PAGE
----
I’m pleased to kick off this month’s column with a pair of positive stories.
Supply chain academics Scott Parfitt and Kathryn Ringwald from the University of Glamorgan and Steve Robinson, head of commissioning and procurement at Cardiff Council, have raised £600 through a fundraising event attended by purchasers from Cardiff, Caerphilly and Newport councils.
The money will go towards spinal surgery to allow a six-year-old girl with cerebral palsy to walk.
Also, Chris Atkins from Proxima will be trying to break a world record in London next month to raise money for Oxfam for running the fastest marathon dressed as a dairy product (he’ll be running as an ice cream).
He’ll have to beat three hours 55 minutes in order to claim the record.
Bang to writes
‘Survey reveals pen thieves on the prowl’ headlines an email that dropped into my inbox.
Apparently, 70 per cent of US office workers report their pen has gone missing. All those 1,000 polled admitted to taking a colleague’s pen at some point, although 78 per cent claim it was an accident (a likely story).
Pens are the most common piece of stationery to go missing followed by pencils (55 per cent), scissors (36 per cent) and staplers (35 per cent).
“I am surrounded by people who have ample access to pens and still my own pens go missing,” Scott Crist from Paper Mate says incredulously. “Who would knowingly steal
More dishonest behaviour is reported by business travellers in the findings of a separate survey last month.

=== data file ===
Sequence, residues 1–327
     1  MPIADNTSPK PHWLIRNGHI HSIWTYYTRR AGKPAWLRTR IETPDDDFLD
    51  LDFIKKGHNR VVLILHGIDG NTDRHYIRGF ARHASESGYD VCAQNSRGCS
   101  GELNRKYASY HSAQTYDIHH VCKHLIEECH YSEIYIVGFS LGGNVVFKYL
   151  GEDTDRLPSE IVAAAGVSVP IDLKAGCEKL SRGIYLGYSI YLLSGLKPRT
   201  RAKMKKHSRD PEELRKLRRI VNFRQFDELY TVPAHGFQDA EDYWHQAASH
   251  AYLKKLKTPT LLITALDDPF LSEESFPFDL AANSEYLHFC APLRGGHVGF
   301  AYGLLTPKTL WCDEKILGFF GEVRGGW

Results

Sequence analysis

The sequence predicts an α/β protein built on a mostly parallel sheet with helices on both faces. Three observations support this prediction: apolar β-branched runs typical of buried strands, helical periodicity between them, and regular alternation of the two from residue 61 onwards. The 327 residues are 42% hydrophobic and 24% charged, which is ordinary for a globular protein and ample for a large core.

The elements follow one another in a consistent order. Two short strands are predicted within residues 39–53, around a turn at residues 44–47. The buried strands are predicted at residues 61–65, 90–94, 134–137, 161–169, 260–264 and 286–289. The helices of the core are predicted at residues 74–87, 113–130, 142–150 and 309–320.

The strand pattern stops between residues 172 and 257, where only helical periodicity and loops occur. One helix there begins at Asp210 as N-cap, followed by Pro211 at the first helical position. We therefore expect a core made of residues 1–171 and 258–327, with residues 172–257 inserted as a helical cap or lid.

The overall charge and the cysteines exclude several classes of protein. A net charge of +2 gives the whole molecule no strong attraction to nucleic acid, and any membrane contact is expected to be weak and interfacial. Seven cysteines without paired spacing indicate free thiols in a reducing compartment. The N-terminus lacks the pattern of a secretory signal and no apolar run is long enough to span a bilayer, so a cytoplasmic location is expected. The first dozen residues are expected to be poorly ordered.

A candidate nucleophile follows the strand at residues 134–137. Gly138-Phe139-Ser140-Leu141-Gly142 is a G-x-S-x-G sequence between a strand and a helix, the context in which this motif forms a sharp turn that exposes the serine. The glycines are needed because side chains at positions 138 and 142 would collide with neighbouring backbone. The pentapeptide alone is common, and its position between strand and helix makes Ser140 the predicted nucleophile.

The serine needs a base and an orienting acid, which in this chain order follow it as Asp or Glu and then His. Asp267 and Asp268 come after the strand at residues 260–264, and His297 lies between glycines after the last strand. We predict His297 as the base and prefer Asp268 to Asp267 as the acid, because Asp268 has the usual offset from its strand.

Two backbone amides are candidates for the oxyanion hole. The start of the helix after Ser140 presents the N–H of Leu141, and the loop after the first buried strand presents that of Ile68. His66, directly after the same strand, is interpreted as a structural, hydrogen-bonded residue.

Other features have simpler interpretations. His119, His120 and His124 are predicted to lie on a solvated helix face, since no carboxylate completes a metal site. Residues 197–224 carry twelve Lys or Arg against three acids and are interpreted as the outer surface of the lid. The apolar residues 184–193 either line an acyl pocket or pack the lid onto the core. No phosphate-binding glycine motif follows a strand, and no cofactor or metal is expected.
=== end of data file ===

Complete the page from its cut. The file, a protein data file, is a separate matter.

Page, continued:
Some 52 per cent admit to reading a book or magazine during a flight to avoid an unwanted conversation with a fellow passenger.
Other top tactics employed included the 21 per cent that pretended to be asleep and 15 per cent that opted to put on headphones.
But 30 per cent said they actually liked to talk during a flight (presumably these are the people that other travellers are trying to avoid engaging with).
The survey also revealed 15 per cent would just tell them where to get off (figuratively speaking) and say they didn’t want to chat.
Nailing the job
An intriguingly entitled blog caught my eye last month. I think you’ll agree “What is a more professional job: corporate purchasing or fingernail painting?” cries
out to be read.
Author Charles Dominick pointed out that while nail technicians working in the US are required to do a set amount of hours before they are licensed and allowed to work in a fingernail-painting job
(with Alabama and Arkansas both requiring 750 hours), purchasing currently requires none.
CIPS is working to change this. One of David Noble’s missions is to pioneer a licence to practice for the purchasing profession.
In the meantime, I’m off to the Deep South for a French nail polish.
Secret to success
In a further training update, new research has revealed that if you want to become a corporate high flyer like Richard Branson or Stelios Haji-Ioannou, then you should forget about doing an MBA, PhD or any other form of post-graduate qualification.
The data from search and talent consultancy Wickland Westcott, showed that high performers were strong in the areas of leadership, communication and
And while education helps, it only does so up to a certain point. The study also revealed that teamwork isthe area where stars tendto be least strong.
There’s no ‘team’ in Lord Sugar, as they say…
And finally, risk management is very much on the radar once again, so it’s good to see one Tokyo zoo preparing for a potential emergency.
Two employees recently donned a life-size rhino costume and tried to flee the compound to simulate an escape attempt.
The drama came to an end when staff hit the ‘rhinoceros’ with fake tranquilisers and trapped it in nets.
Tweet of the month
Completely focused on my procurement class, then I look down and realise I have peanut butter in my hair…??? Focus is gone. @OhioSiobhan